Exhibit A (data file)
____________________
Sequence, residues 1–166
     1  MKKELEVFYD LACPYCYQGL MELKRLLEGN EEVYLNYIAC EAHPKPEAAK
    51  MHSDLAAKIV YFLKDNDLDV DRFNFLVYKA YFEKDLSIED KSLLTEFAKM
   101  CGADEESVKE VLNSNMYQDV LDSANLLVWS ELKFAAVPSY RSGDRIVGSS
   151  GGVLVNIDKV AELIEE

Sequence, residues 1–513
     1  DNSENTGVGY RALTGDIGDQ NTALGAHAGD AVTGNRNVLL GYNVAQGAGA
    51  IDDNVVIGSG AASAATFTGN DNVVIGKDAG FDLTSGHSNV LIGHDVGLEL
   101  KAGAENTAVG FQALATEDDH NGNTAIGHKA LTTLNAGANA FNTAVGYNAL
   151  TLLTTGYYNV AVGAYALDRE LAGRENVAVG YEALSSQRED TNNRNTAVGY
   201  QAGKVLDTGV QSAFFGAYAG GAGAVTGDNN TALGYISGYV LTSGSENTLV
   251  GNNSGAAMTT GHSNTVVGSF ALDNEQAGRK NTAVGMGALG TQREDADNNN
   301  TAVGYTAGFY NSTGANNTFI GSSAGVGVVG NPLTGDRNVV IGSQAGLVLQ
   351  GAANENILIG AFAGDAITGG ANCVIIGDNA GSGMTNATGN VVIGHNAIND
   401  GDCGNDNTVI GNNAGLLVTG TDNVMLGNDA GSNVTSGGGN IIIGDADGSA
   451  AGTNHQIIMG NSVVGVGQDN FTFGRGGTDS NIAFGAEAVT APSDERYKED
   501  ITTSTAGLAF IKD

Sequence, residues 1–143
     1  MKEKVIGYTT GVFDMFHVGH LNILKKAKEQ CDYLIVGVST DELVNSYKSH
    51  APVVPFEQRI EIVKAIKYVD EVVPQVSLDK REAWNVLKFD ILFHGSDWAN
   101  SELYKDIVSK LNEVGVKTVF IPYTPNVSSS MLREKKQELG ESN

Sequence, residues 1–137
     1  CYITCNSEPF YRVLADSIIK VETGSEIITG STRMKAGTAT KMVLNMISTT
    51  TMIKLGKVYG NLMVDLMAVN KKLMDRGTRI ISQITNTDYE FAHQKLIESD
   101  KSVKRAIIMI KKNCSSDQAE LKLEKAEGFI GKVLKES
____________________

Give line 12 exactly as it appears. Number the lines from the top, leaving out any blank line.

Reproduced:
   251  GNNSGAAMTT GHSNTVVGSF ALDNEQAGRK NTAVGMGALG TQREDADNNN